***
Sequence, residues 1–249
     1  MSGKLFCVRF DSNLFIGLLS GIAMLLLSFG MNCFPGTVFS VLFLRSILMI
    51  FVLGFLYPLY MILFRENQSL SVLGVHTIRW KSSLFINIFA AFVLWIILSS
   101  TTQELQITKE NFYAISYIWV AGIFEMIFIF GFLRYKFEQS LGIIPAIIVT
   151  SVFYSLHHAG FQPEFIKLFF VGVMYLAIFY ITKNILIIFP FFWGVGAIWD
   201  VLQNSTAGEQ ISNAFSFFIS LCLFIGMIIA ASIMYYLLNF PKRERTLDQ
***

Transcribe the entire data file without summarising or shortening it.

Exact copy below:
Sequence, residues 1–249
     1  MSGKLFCVRF DSNLFIGLLS GIAMLLLSFG MNCFPGTVFS VLFLRSILMI
    51  FVLGFLYPLY MILFRENQSL SVLGVHTIRW KSSLFINIFA AFVLWIILSS
   101  TTQELQITKE NFYAISYIWV AGIFEMIFIF GFLRYKFEQS LGIIPAIIVT
   151  SVFYSLHHAG FQPEFIKLFF VGVMYLAIFY ITKNILIIFP FFWGVGAIWD
   201  VLQNSTAGEQ ISNAFSFFIS LCLFIGMIIA ASIMYYLLNF PKRERTLDQ